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What Is Vertical Diplopia?

Mary McMahon
By
Updated Mar 03, 2024
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Vertical diplopia is a vision disorder where a patient sees a doubled vertical image. This condition can be caused by a number of things including tumors, myasthenia gravis, and cornea problems. It may be evaluated by an ophthalmologist, who can provide recommendations on how to proceed with treatment. The best care option depends on why the patient is having vision problems, and in some cases it may not be possible to resolve the issue.

A broad family of vision problems involve doubled vision in one or both eyes. More commonly, patients see double images side by side, rather than in a vertical orientation; double vision can cause disorientation, headaches, and discomfort. When patients discuss it with a practitioner, they should make sure to describe the frequency of the problem; if it happens all the time, for instance, this is an important clinical clue.

If a case of vertical diplopia is suspected, the patient can be run through a series of vision tests, including exams that will track eye movements. The medical provider may also ask for samples of blood and other fluids to explore possible causes; tumors, for example, can leave tell-tale markers in the blood. Patients may also have problems with their thyroid, nervous system, or cornea.

Treatment of diplopia involves addressing the underlying cause. If the problem is caused by a tumor, for example, the patient might need surgery to remove it, along with chemotherapy and radiation to prevent regrowth. Eye exercises could help develop weak muscles, or special corrective lenses might resolve a problem with the cornea. Sometimes medications help, in the instance of vertical diplopia caused by conditions like myasthenia gravis.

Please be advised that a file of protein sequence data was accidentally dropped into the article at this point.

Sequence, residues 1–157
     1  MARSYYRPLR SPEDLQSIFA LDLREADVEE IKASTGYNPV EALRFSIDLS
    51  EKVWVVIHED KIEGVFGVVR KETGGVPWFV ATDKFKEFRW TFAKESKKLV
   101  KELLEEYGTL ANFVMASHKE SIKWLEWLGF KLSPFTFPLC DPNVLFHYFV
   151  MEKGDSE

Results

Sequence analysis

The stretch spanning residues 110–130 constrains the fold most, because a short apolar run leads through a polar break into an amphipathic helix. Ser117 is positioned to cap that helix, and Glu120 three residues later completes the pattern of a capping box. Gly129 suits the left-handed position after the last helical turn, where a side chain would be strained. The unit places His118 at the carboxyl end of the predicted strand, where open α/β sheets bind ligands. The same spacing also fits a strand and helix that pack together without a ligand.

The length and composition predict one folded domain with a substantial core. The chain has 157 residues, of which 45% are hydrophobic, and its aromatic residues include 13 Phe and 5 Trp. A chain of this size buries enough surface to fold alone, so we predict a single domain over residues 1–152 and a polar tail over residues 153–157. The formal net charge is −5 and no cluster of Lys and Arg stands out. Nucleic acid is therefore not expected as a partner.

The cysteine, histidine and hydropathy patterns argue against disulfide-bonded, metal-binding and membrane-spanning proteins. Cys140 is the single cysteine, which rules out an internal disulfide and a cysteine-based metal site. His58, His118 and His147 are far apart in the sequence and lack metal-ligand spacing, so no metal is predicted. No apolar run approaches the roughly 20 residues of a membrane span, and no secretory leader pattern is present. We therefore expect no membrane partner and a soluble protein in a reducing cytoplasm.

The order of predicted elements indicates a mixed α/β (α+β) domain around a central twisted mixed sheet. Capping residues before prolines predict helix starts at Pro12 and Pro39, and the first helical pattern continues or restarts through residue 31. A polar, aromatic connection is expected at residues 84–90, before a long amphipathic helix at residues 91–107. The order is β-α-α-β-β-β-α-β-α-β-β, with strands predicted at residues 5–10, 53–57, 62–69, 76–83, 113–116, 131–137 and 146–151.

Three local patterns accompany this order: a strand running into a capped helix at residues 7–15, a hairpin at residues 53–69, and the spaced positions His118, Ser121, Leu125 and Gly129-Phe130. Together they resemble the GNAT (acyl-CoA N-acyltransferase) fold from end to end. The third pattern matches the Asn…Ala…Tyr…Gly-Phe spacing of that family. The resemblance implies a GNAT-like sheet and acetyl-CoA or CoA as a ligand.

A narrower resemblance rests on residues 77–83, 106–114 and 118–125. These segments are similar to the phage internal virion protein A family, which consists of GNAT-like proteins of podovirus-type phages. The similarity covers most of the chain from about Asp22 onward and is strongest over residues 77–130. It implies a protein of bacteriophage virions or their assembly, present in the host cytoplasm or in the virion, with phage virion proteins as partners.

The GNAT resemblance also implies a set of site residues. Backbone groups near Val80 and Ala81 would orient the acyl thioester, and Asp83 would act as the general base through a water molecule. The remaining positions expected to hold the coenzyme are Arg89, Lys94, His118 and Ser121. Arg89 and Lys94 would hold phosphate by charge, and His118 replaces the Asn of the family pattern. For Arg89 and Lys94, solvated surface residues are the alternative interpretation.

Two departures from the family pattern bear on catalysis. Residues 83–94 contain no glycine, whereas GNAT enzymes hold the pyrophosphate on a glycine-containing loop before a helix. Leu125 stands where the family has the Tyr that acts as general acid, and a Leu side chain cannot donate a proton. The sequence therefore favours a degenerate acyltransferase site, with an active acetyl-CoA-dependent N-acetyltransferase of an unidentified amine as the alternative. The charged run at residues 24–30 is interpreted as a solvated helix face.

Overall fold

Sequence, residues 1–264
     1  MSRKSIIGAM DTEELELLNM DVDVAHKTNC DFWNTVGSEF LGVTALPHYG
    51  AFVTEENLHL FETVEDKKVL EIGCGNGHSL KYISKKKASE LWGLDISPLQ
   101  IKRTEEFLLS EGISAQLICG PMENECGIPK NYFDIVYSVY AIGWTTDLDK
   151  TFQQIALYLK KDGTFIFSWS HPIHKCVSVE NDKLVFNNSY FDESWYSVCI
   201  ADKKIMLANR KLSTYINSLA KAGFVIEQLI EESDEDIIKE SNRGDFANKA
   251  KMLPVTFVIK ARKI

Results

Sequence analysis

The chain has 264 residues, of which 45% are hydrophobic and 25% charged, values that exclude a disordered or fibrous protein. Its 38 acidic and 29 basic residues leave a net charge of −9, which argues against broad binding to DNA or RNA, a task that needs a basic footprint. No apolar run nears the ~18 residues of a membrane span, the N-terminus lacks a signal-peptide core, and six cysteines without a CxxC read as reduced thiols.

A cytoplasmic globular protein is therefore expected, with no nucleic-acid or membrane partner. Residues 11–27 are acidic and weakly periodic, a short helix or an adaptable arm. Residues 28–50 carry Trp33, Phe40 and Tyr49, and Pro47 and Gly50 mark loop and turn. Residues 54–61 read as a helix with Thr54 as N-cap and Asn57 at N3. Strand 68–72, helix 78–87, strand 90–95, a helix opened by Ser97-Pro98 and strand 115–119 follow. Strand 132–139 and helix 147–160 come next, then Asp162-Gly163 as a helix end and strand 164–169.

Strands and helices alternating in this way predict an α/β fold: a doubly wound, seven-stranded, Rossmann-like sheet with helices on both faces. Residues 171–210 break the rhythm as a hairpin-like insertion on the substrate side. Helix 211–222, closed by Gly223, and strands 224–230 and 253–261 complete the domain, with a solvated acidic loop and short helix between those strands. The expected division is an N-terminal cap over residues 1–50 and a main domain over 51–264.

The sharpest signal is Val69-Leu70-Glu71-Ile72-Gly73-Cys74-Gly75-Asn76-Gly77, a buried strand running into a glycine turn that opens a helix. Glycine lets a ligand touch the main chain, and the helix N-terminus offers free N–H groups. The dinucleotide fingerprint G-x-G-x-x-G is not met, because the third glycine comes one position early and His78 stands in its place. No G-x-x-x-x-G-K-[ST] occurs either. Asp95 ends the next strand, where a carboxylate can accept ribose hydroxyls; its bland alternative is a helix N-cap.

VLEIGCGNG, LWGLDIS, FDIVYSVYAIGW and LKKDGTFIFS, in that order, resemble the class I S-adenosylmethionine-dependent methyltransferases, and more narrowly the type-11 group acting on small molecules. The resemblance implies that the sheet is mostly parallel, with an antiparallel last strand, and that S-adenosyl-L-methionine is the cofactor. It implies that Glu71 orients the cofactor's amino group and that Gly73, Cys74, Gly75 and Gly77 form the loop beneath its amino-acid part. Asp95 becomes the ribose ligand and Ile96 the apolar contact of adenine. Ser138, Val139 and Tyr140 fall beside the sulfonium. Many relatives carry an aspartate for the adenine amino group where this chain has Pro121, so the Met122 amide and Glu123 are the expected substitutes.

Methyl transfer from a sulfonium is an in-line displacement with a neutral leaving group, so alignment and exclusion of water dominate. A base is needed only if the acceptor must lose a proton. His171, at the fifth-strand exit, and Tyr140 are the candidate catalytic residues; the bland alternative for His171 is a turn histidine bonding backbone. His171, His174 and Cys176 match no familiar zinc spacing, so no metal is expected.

Ongoing monitoring can also help the patient’s medical provider identify any changes. These could indicate a change in the status of the underlying problem; if a patient’s thyroid replacement hormone is no longer working, for instance, vision changes could be an early warning sign. Care may require coordination with a specialist treating another condition to ensure that the patient gets complete treatment for both the vertical diplopia and the root issue.

People who notice vision changes of any kind should seek medical attention, as changes to the vision can be signs of serious medical conditions; in some cases, vision loss may be irreversible. The more quickly the patient receives treatment, the better the chances of a positive outcome. Vertical diplopia, for example, could onset very rapidly in association with a stroke, which requires prompt care to prevent brain damage.

The Health Board is dedicated to providing accurate and trustworthy information. We carefully select reputable sources and employ a rigorous fact-checking process to maintain the highest standards. To learn more about our commitment to accuracy, read our editorial process.
Mary McMahon
By Mary McMahon

Ever since she began contributing to the site several years ago, Mary has embraced the exciting challenge of being a The Health Board researcher and writer. Mary has a liberal arts degree from Goddard College and spends her free time reading, cooking, and exploring the great outdoors.

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Mary McMahon

Mary McMahon

Ever since she began contributing to the site several years ago, Mary has embraced the exciting challenge of being a...

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